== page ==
Nothing compares to the diverse and unique landscape of the Australian Outback. Miles and miles of rugged terrain, stretching from northern to southern coastline; expanses of red desert and never-ending trails and roads; the Outback is a treasure trove of adventures. If you want to put your endurance to test and plan to rough it out, then, the arid land of Australia is your calling. Give in to the Outback and get ready to experience an adventure of a lifetime.
Here are a few Australian Outback destinations for an avid Outback traveller…
1. Kings Canyon, Northern Territory
300 kilometres away from Uluru, Kings Canyon is a part of the Watarrka National Park. The dense palm forest is home to many species of animals and plants. The trek to the top of the canyon is definitely tiring but the view is priceless.
2. The Kimberley, Western Australia
The Kimberley redefines adventure. It is one of the biggest draws of the Outback. Dramatic landscapes, majestic waterfalls, large stretches of wilderness, huge gorges, and a spectacular coastline – the Kimberley is Australia’s most riveting outback destination.
3. Uluru, Northern Territory
Only a few hours away from Sydney, Uluru is regarded as the spiritual heart of the country. The unique desert topography is surreal. Take a helicopter ride or a hot air balloon ride, or ride a motorcycle across the desert; there are plethora of activities that will bring out the adventurer in you.
4. Tennant Creek, Northern Territory
This is the fifth largest town in the Northern Territory of Australia. The famous and most visited site, the Devil’s Marbles is located 100 kilometres south of Tennant Creek. The boulders look absolutely stunning at sunrise and sunset, so make sure to stay overnight.
5. Kakadu National Park, Northern Territory
A three-hour drive from Darwin will get you to the UNESCO World Heritage-listed Kakadu National Park. Admire the 50,000-year-old rock art galleries, see the flora and fauna of the wetlands of Yellow Water Creek, and don’t forget to visit the Jim Jim Falls and the Twin Falls.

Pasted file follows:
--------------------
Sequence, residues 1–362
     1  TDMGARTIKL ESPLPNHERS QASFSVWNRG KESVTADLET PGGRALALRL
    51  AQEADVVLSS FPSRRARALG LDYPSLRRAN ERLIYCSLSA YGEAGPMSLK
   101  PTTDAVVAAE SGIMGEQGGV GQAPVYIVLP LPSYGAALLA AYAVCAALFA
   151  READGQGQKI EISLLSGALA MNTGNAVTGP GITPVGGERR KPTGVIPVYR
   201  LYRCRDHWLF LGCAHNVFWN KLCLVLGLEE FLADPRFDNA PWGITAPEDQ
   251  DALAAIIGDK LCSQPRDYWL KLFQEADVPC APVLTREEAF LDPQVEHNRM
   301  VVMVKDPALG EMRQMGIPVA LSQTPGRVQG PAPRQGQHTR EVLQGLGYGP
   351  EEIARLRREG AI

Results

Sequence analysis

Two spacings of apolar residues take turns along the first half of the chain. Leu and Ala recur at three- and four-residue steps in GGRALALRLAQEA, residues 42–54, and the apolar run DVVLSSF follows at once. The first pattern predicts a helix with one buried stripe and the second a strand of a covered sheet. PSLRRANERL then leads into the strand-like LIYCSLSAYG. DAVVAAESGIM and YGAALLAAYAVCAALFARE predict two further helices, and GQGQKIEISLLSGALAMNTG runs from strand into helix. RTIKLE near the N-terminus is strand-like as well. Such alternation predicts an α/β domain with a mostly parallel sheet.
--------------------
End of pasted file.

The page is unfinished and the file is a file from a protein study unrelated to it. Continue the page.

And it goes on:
6. The West MacDonnell Range, Northern Territory
Usually overlooked by many tourists, the MacDonnell Ranges should certainly be on your wishlist. With ample of quiet camping sites, gorges, waterholes, and picturesque scenery, the MacDonnell Ranges are a haven for those looking for some tranquility.
7. Coober Pedy, South Australia
Imagine living and dinning underground – that’s Coober Pedy for you! To avoid soaring temperatures, the town is built underground. From hotels to cafes and churches, a visit to this town is an experience in itself. Coober Pedy is also known as the ‘Opal Capital of the World’, so make sure to purchase the gemstone, and if lucky, you might just stumble upon one while exploring the area.
8. Nullarbor Plain, South Australia
Almost treeless, the Nullarbor Plain is vast and flat. The stretch of land between Balladonia and Caiguna does not have even a single rise or bend. Though long, there is a lot you can expect to see and plenty of things to do as you go along. Those who love long drives, this plain is all you have been longing for.
9. The Simpson Desert
Miles and miles of sand dunes as far as your eyes can see – the Simpson Desert is captivating and challenging as well. The best time to explore is during winters, as summer temperatures can be draining and dangerous.
10. Heysen Trail, South Australia
Only devoted walkers should opt for this trail. This 1200 kilometre trail offers quaint towns, stunning coastlines, dramatic valleys and mountains. Overall, the Heysen Trail unveils the best of South Australian scenic beauty.